Does hormone replacement therapy (HRT) increase the risk of cancer?
- Hormone replacement therapy (HRT) slightly increases the risk of breast cancer, ovarian cancer, and sometimes womb cancer. But the risk is small.
- HRT is an effective treatment for symptoms of menopause. For most people, the benefits of taking HRT outweigh the risks.
- Your doctor can prescribe HRT and can help you make an informed choice about what is right for you.
What is HRT?
HRT is a treatment that can reduce symptoms of menopause by changing hormone levels in the body. Hormones are chemical messengers. They can affect things like growth, fertility, and mood. Menopause is a natural part of ageing where periods stop.
During menopause, the ovaries start to produce less of the hormone oestrogen. Most people who go through menopause will experience symptoms. These can last for months or years and can be uncomfortable, and have a big impact on daily life. HRT can help reduce them.
You can learn more about HRT from the NHS. The main types of are:
- Combined HRT, which has both oestrogen and progestogen
- Oestrogen-only HRT
Tibolone is a medicine that is used in a similar way to HRT. There is little evidence available on tibolone and cancer. Your GP can give you more information about the different types of HRT and other ways to manage menopause symptoms.
Transgender men and transgender women may also use hormones to affirm their gender. There isn’t enough research yet about cancer risk associated with hormone therapies used in this way. You can find out more about gender-affirming hormone therapy from the NHS.
This webpage covers HRT used to treat menopause symptoms and cancer risk. We have separate information about HRT if you have, or have had, cancer.
Does combined HRT increase the risk of cancer?
- Breast cancer: combined HRT slightly increases the risk of breast cancer. This increased risk gets bigger the longer HRT is used. When HRT is stopped, the increased risk goes down over time. This takes longer, the longer that HRT was used. Combined HRT affects breast cancer risk more than oestrogen-only HRT.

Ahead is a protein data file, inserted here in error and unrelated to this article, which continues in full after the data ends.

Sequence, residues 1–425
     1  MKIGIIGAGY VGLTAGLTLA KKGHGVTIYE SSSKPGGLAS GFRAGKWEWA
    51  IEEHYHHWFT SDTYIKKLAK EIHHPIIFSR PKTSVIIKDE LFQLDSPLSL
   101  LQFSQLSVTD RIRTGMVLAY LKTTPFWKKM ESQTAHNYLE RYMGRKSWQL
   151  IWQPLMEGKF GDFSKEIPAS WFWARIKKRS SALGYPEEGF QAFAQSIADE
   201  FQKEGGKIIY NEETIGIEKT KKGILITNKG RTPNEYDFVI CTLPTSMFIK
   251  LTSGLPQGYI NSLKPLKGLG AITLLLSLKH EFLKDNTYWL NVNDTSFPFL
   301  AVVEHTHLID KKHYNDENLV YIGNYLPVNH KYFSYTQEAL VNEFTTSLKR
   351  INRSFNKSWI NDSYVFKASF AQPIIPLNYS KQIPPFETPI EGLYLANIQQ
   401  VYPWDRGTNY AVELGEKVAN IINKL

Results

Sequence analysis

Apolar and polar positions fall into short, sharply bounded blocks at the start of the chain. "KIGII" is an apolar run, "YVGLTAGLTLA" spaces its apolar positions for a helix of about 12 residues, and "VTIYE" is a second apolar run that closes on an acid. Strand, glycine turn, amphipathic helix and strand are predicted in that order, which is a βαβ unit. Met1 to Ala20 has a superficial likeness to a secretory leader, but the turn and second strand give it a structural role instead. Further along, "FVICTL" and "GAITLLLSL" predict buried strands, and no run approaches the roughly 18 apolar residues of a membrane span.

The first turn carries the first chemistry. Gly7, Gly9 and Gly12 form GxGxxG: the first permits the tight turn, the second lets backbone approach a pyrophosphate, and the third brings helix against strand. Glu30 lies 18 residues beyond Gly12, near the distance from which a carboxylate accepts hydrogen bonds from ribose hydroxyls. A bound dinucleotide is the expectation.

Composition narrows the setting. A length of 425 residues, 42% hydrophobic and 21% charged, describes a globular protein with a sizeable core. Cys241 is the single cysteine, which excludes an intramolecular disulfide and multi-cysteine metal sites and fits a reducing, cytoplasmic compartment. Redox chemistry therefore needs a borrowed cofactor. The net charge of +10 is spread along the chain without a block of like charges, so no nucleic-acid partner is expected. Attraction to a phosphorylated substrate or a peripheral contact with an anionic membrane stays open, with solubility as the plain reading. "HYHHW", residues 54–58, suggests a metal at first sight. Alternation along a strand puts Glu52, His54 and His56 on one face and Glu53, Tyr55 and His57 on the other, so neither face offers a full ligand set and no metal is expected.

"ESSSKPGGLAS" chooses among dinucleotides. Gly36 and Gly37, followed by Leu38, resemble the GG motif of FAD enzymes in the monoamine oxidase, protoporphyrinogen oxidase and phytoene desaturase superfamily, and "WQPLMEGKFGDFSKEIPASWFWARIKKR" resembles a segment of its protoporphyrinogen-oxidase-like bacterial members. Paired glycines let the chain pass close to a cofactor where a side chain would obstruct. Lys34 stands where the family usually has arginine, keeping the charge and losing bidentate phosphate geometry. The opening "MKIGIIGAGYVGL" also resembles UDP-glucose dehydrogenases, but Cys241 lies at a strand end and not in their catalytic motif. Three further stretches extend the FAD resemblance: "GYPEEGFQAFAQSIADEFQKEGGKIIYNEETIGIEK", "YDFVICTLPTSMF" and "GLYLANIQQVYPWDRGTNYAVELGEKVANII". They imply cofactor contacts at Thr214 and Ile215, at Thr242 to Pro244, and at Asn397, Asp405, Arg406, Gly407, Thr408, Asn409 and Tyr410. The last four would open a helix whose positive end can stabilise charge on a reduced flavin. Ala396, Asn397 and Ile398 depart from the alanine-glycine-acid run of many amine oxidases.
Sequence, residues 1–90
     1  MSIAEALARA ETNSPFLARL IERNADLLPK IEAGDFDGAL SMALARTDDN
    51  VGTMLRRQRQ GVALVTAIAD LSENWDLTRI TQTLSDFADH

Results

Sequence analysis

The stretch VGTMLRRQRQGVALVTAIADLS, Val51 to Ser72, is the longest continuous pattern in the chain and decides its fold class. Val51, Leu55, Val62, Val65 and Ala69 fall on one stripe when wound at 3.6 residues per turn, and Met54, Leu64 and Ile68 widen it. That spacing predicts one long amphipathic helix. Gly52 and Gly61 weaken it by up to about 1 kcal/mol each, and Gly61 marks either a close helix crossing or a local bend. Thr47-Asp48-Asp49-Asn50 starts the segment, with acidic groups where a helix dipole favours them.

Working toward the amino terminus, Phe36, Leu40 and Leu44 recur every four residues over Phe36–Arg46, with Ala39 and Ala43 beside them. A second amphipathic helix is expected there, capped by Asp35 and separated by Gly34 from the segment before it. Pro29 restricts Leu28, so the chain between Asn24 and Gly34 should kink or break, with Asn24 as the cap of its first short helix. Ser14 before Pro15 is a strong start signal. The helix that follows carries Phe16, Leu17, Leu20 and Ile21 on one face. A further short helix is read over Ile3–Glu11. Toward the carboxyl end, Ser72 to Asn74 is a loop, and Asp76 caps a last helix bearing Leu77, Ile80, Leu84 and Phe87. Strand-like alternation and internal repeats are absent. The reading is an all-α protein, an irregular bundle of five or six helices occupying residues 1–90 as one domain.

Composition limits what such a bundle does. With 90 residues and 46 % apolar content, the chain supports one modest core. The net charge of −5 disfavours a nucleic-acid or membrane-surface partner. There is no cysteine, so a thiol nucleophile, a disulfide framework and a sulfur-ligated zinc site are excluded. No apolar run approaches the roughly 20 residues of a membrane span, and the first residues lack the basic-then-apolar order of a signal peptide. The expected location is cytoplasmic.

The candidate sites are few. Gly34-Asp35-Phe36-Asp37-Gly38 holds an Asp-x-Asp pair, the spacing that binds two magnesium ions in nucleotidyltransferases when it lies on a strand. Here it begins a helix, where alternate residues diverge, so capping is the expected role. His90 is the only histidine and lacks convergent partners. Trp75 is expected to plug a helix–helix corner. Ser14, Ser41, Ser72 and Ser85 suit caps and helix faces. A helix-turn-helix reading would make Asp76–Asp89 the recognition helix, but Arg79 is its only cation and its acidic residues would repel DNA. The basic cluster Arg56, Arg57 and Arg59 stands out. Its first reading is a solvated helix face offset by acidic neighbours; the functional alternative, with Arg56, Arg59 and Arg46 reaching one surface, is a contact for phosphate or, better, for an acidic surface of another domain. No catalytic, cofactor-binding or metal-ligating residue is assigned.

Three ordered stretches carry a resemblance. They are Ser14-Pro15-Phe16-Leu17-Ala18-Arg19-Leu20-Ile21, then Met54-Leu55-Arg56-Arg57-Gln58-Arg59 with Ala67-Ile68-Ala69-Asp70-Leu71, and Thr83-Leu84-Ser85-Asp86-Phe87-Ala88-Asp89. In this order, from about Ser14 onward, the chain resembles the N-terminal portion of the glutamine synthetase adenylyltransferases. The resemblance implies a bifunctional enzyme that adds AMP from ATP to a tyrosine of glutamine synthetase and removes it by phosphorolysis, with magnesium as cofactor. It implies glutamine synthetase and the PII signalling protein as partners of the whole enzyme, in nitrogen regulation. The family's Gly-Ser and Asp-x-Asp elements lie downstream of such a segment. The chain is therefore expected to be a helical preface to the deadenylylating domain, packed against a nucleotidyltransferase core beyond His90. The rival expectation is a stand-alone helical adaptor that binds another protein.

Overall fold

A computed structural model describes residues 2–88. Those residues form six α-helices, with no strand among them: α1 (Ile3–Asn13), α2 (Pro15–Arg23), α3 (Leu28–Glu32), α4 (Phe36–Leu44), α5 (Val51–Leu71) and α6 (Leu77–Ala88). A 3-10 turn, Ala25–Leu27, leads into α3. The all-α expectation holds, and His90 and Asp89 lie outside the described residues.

- Ovarian cancer: combined HRT slightly increases the risk of ovarian cancer. When HRT is stopped, the increased risk starts to go back down.
- Endometrial (womb) cancer: combined HRT does not affect womb cancer risk.
There is not enough evidence on combined HRT and any other type of cancer.
Does oestrogen-only HRT increase the risk of cancer?
Oestrogen-only HRT is usually only given to people who have had their womb removed (hysterectomy).
- Breast cancer: oestrogen-only HRT slightly increases the risk of breast cancer. This increased risk gets bigger the longer HRT is used. When HRT is stopped, the increased risk starts to go back down. This takes longer the longer that HRT was used.
- Ovarian cancer: oestrogen-only HRT slightly increases the risk of ovarian cancer. When HRT is stopped, the increased risk starts to go back down.
- Endometrial (womb) cancer: oestrogen-only HRT increases the risk of womb cancer. This increased risk gets bigger the longer HRT is used, and may stay for some years after HRT is stopped. This is why it is usually only prescribed to people who are not at risk of womb cancer.
There is not enough evidence on oestrogen-only HRT and any other type of cancer.
Should I take HRT?
Cancer risk from HRT is small and depends on many different things. This includes the type of HRT used, how long someone takes it for, their age, and general health. The benefits of taking HRT will be different for each person too. Cancer risk is only part of the decision on whether to take HRT. Your doctor can help you make an informed choice on what is right for you.
Eating a healthy, balanced diet and being active may help with menopause symptoms. This can also help reduce your risk of cancer. Other things you can do to reduce your risk of cancer include:
Hormone replacement therapy and the risk of endometrial cancer: A systematic review. Sjögren, L. Mørch, L. Løkkegaard, E. (2016) https://pubmed.ncbi.nlm.nih.gov/27451318/
Brown, K. F. et al. The fraction of cancer attributable to modifiable risk factors in England, Wales, Scotland, Northern Ireland, and the United Kingdom in 2015. Br. J. Cancer 118, 1130–1141 (2018). https://www.nature.com/articles/s41416-018-0029-6
IARC Monographs on the Evaluation of Carcinogenic Risks to Humans. Combined Estrogen-Progestogen Contraceptives and Combined Estrogen-Progestogen Menopausal Therapy. 100A (2018).
The Lancet. Type and timing of menopausal hormone therapy and breast cancer risk: individual participant meta-analysis of the worldwide epidemiological evidence. The Lancet (London, England). 394, 10204 p.1159-1168 (2019). https://www.thelancet.com/journals/lancet/article/PIIS0140-6736(19)31709-X/fulltext